JP Hoe live at BreakOut West 2012
You know you’re in for a treat when an artist can handle a track by one of the few legendary rock bands out there and make it memorable in their own way.
BreakOut West’s Friday evening saw a good mix of established and up-and-coming groups taking to stages throughout the city, including at The Artesian on 13th Avenue (a venue that hosted a lot of acts that were new to me over the weekend). When I arrived Winnipeg’s JP Hoe was into his set, getting things moving with a band of four players, including two local string players recruited for the weekend to fill out his set.
Hoe shares a number of commonalities with one of the big draws of the weekend, Vancouver’s vaunted songsmith Dan Mangan. He fronts the band, playing an acoustic guitar that sounds a lot bigger than it ought to. With a lively rhythm section along for the ride he creates a sound that generally lands more on the rock and roll side of folk rock but still allows him to dip back into a gentler sound when the moment strikes.
As I teased above, one of the highlights of Hoe’s set is a cover of Radiohead’s classic doom anthem “Karma Police.” It is somehow both faithfully rendered and amended to make it his own, his core band owning it with a few slight tweaks to the arrangement. His adopted string performers proved essential on that number in particular, ensuring the song retains its foreboding edge and eery sense of anticipation. As he does on his own numbers, Hoe’s singing is carefully measured; not unlike Thom Yorke he moves from a slighter, more subtle singing to a kind of barely-restrained caterwauling at the appropriate moment.
Hoe is much more than a cover, though. His back catalogue also boasts pedigree, his early records having been nominated three times for Western Canadian Music Awards. In the last year he released his fifth record, the sharp and compelling Mannequin. The eleven song effort is Canadian singer-songwriter work at its finest, full of intensely-personal introspection and ace songcraft.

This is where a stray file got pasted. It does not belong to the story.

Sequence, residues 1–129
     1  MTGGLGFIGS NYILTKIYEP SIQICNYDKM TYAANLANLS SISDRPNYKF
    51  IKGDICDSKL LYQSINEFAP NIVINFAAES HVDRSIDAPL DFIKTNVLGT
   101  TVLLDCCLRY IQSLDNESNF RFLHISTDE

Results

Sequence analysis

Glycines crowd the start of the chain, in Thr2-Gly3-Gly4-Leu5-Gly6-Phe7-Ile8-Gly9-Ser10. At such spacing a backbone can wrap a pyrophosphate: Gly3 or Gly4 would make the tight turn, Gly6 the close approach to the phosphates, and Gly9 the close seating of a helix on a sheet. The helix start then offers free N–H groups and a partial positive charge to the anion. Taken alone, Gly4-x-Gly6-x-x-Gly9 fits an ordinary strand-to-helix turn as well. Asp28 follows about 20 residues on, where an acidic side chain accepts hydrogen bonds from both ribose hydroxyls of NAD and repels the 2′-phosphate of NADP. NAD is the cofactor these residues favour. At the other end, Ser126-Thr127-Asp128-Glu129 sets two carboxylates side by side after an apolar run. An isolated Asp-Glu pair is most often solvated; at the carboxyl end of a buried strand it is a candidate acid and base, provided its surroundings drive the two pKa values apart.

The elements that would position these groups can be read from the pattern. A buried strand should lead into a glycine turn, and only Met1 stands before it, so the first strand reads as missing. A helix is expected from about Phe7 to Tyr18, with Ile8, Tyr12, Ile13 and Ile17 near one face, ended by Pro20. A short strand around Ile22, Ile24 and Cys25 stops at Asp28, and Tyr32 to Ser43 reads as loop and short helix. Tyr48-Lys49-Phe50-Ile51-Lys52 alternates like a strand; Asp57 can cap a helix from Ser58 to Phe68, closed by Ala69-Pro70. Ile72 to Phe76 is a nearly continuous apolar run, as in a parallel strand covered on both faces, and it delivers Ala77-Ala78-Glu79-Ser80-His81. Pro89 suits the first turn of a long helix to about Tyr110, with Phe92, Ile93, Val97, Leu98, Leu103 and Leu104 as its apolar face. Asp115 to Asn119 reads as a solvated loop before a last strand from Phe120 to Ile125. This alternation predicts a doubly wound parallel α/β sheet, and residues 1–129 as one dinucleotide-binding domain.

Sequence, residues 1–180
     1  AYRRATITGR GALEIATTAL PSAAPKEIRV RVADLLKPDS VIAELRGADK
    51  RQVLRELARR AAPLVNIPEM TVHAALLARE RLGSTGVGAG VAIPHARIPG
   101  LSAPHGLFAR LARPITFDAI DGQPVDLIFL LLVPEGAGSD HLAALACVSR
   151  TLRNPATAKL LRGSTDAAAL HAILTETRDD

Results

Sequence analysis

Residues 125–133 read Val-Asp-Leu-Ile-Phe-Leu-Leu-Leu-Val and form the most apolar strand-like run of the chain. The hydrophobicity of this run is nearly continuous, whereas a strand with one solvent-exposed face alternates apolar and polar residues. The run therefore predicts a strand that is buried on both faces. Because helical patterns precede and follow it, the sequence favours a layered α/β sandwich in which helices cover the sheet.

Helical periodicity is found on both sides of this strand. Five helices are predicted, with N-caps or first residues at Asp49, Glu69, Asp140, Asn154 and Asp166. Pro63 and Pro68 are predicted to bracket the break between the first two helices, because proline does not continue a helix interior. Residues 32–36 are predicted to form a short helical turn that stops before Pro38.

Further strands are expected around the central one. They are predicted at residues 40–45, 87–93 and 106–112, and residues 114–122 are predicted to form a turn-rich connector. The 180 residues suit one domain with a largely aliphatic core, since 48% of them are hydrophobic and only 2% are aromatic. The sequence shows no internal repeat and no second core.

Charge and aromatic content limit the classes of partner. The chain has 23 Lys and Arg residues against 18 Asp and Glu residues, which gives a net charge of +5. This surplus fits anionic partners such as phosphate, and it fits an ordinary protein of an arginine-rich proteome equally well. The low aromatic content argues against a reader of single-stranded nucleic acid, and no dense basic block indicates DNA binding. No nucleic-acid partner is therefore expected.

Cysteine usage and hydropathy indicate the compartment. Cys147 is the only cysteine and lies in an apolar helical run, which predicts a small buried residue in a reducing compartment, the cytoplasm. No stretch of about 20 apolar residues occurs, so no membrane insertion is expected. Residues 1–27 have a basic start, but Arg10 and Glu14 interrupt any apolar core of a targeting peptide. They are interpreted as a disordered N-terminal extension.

Hoe sets the bruised and battered tone of the record right off the top with “Bingo Palace,” a number that resignedly relents to the topsy-turvy world that seems to have rocked his interpersonal relationships. “I could share my bed, my kidney or lung instead but it won’t change a thing. Please don’t ask for me,” he pleads in a disconnected voice that has clearly had enough of the romantic turmoil that has him so shaken. Hoe also admits his own culpability, conceding his own guilt in “all the fucked up things that I’ve done, all the times that I’ve gone wrong.”
It’s a sentiment revisited later on in “Do I Know You?” which starts with a gently finger-picked melody that carries a subtly-drummed backbeat through a whistle-solo bridge into a fleshed-out arrangement to close the song. Perfectly-utilized ride cymbals and understated strings help sharpen Hoe’s admission that, “I’m not proud of what I’ve done.” But he shouts it from behind a barrier, proclaiming, “You’re a tyrant of nothing much; I believe you need control.” That condemnation is a strong one, but it’s delivered with only a modicum of ferocity, as though Hoe were trying to craft an after-the-fact justification. I suppose it’s telling when, later on, he declares “I only did it for love.” He seems to be recounting some youthful follies, portraying the type of romantic for whom the ends justify the means.
Mannequin isn’t entirely comprised of stories of regret and mistakes made. By the time “Nothing’s Gonna Harm You” hits its chorus (“Now there’s no way, nothing’s gonna harm you as long as I’m around”) seems almost unbelievable, but it’s a nice bit of balance, lyrically speaking, to counter the earlier misery he’s documented. “Lions and Tigers” is a downright empowering acoustic rock anthem with great drumming. “Bittersweet” is a lovely 3.5 minutes, a lilting ukulele lullaby.
Listening to the album is a nice contrast to Hoe’s live set. The measured, heavily-orchestrated arrangements on this record speak to a fairly impressive level of sophistication but at BreakOut West it seemed as though he happily embraces the live format with abandon, performing his songs in a nearly-unrestrained fashion at times. That little bit of abandon really helped his performance pop; melding those two worlds on his next record could take him to the next level. I think he’ll be one to watch.